MR. NAWAZ: Barry, I think there’s been far too much talk about the numbers and much less about the details of what those numbers will do. And from what I hear David say, you know, how do you assist? And so in my view, apart from the CT aspect, the counterterrorism, the ISR aspect is going to be critical because the Afghans don’t have that capacity. Without the eyes and ears that United States and the coalition can provide, they’re really going to be at a loss. They’re after all fighting a asymmetrical war in which the enemy has a great advantage of being able to melt into the countryside into the communities. And for that reason it’s going to be quite critical also to focus much more on the community police to be able to keep them out of the communities rather than try to roust them once they’ve entered.
MR. FOUST: Yeah, I mean, I actually agree that – building up ISR capabilities, intelligence capabilities, analytic capabilities. But most important, logistical capabilities is going to be a really key factor here. One of the big weaknesses built into the ANSF is their total dependence on the U.S. military for a lot of long chain things that we kind of internalize. But for a military being built from the ground up, they wouldn’t really think of.
But I’d extend that a little further. I’d also say that transitioning the Afghan economy off of aid should be a critical security priority. A huge number of communities are almost dependent on CERP spending for very basic tasks. And building the capacity for them to generate those tasks on their own without a huge influx of U.S. military aid should be I think a big, big priority on the security side of things.
But I’m actually going to break with both of you and suggest that the U.S. should get out of the CT game in Afghanistan. In February I was at a meeting with Afghan human rights workers in Geneva who were talking about a lot of the counterterrorism efforts in Afghanistan and how, in their view, those efforts were leading either to sympathy with the Taliban or at least to apathy towards the central government. And I think that’s one aspect that goes pretty understudied when we look at either the numbers or the body counts of what happens in CT operations inside Afghanistan.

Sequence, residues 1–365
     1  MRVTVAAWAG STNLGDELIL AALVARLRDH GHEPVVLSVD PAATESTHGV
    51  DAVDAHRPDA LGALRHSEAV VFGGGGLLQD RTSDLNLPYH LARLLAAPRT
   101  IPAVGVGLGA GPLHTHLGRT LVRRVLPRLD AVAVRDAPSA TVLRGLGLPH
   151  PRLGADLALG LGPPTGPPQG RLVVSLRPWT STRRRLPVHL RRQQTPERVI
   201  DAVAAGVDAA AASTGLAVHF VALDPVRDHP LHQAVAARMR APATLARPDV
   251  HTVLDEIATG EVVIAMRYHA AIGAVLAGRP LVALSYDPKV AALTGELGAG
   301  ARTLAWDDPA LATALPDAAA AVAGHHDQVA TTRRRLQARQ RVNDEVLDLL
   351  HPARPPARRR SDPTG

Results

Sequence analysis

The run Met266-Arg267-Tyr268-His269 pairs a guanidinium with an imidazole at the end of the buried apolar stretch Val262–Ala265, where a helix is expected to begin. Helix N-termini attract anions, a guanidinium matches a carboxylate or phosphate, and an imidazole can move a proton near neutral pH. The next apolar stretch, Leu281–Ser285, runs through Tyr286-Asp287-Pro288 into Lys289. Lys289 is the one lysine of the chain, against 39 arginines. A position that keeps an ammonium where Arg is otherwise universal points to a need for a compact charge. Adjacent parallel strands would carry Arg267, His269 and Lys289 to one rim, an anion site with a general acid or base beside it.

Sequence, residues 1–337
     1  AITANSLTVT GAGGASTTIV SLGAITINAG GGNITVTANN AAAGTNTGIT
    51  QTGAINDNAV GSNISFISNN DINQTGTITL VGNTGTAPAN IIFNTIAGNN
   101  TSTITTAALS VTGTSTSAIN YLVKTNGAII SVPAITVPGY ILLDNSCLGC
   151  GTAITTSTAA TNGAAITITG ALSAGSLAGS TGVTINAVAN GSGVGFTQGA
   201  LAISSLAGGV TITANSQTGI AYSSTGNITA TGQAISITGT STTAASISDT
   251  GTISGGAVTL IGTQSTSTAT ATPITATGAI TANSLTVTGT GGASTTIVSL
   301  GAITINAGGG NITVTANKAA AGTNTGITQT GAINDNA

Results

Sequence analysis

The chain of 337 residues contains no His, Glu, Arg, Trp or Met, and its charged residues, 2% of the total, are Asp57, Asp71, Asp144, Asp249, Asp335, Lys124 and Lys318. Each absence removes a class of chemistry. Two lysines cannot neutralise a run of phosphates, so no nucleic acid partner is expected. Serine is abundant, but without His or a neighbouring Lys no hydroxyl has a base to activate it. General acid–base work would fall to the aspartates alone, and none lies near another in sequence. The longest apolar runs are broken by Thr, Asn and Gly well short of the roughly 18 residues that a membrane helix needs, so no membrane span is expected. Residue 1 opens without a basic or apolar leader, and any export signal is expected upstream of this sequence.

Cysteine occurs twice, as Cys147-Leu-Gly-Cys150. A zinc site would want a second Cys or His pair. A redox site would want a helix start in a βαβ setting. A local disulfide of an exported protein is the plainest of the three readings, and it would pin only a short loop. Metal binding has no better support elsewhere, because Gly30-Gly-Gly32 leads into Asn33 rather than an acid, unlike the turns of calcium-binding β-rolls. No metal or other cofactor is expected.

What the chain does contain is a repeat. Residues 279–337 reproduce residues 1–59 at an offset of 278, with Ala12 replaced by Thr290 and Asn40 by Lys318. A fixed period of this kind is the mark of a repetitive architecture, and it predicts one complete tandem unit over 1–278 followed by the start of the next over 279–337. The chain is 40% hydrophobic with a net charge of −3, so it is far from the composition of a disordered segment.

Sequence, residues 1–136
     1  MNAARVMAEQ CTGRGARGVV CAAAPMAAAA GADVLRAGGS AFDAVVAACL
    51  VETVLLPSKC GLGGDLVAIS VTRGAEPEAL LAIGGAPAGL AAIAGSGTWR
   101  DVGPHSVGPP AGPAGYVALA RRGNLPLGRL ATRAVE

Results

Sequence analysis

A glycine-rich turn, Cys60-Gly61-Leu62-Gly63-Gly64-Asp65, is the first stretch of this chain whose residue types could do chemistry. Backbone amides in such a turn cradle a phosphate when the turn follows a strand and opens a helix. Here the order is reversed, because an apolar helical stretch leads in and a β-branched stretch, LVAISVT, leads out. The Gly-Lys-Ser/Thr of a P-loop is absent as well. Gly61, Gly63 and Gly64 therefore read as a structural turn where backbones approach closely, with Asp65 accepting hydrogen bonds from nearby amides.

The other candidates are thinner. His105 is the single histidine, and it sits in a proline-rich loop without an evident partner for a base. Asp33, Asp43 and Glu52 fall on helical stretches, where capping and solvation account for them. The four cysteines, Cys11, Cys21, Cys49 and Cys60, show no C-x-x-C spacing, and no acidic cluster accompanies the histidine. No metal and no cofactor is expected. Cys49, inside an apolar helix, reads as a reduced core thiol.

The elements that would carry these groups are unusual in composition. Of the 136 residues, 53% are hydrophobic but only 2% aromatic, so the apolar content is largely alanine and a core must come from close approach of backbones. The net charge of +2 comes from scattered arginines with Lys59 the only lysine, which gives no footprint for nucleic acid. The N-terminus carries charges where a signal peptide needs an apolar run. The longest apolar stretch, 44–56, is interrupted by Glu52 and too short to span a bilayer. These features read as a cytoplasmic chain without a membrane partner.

And I’d even start that – I’ll make a somewhat bold assertion here and say that we should disband the Afghan Local Police immediately, take away their guns and put them under the monitoring of the Afghan National Police. And the reason for this is every time either SIGAR or journalists or NGOs or human rights groups go out and try to actually evaluate the performance of these ALP groups, they report abuse, massive rape, stealing children for sex slavery, murder, thievery, highway robbery – I mean, almost any crime that you can think of, these groups commit.
Part of that is a function of training. And training is one of those I think underremarked about the ANSF that does need to continue. But the ALP groups don’t get that. They get a couple of weeks of training, a gun and a lot of money, and they’re told to go secure their communities. And we shouldn’t be surprised if that does result in some abuse – not all abuse; they are effective ALP groups. And the closer they’re monitored by U.S. forces, the better off they do. But we don’t have the forces to monitor them all. And that’s something that has a growing number of negative consequences that we are not currently accounting for and has the long-term potential to really blow up in our face.
MR. PAVEL: Thanks very much. I’m going to ask a couple more questions and then open it up to questions from you. But let me sort of step outside Washington for a minute here and represent that view that I think, you know, we see in the heartland and just push the panel a bit.